Prospective and current Scottish fold owners should become familiar with the breed’s well-known health risks to ensure your cat receives the best lifelong comfort and care.
However, the same genetic mutation that causes this breed’s ear shape also contributes to serious health issues. Prospective and current Scottish fold owners should become familiar with the breed’s well-known health risks to ensure your cat receives the best lifelong comfort and care.
Scottish fold cats—a brief history
According to The International Cat Association, the first Scottish fold—a barn cat named Susie—was discovered in Scotland in 1961. Susie’s uniquely folded ears—formed by a spontaneous genetic mutation—gained instant attention and acclaim. To achieve the Scottish fold breed’s trademark round head and soft expression, Susie was purposely bred with cats of various breeds.
However, the Scottish fold’s signature look came at a cost. A disproportionate number of Scottish fold kittens and cats had physical abnormalities—including short limbs, swollen joints, limping, stiff or abnormal movement, and crippling arthritis. Many purebred registries banned the breed, and advised remaining breeders to cease pairing folded-ear cats with one another. To preserve the breed’s general health and maintain their physical characteristics, Scottish folds are now often bred with American shorthair or British shorthair cats.
Scottish fold cat health concerns
Other than a few hereditary conditions, the lovable Scottish fold is generally a hardy breed. Still, this rare and unusual breed should receive equally individualized veterinary care. When we examine your Scottish fold cat, our Dr. Treat team assesses them inside and out—through comprehensive hands-on evaluation and appropriate health screening tests. We can then tailor your Scottish fold’s health plan to meet their unique needs, and ensure they enjoy a long and comfortable life. We always address the breed’s most significant health risks, including:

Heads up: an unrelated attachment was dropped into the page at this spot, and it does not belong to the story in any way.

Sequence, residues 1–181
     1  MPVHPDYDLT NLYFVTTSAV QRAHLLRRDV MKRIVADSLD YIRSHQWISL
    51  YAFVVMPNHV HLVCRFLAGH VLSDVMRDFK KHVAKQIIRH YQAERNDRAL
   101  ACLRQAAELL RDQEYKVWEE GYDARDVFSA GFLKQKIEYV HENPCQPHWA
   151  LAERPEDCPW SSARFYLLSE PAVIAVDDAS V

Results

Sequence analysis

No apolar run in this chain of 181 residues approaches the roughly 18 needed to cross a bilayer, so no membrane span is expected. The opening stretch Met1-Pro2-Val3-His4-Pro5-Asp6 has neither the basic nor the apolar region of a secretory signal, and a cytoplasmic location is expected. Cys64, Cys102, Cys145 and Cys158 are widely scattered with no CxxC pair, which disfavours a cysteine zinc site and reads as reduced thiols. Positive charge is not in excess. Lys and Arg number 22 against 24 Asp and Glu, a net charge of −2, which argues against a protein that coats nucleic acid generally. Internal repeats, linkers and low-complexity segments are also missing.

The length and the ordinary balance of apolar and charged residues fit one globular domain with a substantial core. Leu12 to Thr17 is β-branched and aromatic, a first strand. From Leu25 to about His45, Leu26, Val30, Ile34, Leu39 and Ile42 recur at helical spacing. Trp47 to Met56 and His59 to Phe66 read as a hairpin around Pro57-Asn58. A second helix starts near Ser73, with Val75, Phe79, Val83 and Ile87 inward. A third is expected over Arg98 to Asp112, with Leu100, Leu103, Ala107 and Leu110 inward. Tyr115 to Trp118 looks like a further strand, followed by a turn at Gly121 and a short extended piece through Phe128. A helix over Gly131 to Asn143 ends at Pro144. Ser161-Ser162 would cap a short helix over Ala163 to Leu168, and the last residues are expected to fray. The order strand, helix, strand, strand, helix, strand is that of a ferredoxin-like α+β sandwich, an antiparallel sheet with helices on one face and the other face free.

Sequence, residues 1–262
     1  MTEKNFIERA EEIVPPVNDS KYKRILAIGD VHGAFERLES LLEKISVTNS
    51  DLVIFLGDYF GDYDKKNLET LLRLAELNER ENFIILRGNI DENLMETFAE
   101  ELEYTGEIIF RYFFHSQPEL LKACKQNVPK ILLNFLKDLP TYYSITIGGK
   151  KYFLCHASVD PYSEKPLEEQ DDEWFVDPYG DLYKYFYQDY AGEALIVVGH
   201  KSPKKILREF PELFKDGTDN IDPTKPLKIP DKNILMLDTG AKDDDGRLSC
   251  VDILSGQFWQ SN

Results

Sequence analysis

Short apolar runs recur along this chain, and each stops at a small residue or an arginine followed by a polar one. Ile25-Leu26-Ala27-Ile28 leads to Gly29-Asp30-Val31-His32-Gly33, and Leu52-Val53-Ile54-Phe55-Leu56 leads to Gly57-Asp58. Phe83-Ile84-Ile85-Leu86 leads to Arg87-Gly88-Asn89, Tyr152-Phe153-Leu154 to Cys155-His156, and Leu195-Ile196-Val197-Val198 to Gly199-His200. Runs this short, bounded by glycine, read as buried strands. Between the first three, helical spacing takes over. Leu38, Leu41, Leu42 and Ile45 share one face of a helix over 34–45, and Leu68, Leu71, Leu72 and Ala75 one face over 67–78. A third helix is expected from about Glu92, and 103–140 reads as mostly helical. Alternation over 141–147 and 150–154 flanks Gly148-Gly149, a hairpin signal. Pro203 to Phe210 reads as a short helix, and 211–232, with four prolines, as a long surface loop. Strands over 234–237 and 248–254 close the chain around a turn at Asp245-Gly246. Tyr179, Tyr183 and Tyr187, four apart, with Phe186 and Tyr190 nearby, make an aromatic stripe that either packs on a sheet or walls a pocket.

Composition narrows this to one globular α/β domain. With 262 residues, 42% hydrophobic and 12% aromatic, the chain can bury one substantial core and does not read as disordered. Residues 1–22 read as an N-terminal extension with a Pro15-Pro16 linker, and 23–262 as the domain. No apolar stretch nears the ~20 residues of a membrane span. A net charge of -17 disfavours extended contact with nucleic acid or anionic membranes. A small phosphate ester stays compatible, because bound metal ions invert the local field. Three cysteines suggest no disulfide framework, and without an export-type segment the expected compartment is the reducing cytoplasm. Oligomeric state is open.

Osteochondrodysplasia (i.e., Scottish fold disease)
The Scottish fold’s genetic mutation affects cartilage development, causing the ear to fold. Unfortunately, this genetic mutation also affects cartilage elsewhere in the body—the joints and bones—creating the debilitating osteochondrodysplasia condition.
Depending on gene expression, some Scottish folds experience severe and crippling disease while others display only mild signs. However, according to International Cat Care, all Scottish fold cats experience osteochondrodysplasia in some form.
Affected cats may display physical abnormalities, including a thickened or stiff tail, wide and short limbs, and fused (i.e., immobilized or inflexible) joints. Painful cats may appear reluctant to move, lethargic, or have an awkward and uncoordinated gait. Left untreated, the pain and deformity can render affected cats immobile—leading to early euthanasia.
Polycystic kidney disease (PKD)
Polycystic kidney disease is an inherited condition common in Persian-derived breeds, including the Scottish fold. Cysts (i.e., fluid-filled pockets) may be present at birth or develop in early life (i.e., before 12 months of age), and are often present in both kidneys. Generally, the cysts grow slowly and do not disrupt kidney function until the cat’s senior years (i.e., 7 years of age or older). However, young cats with severe PKD can experience kidney failure.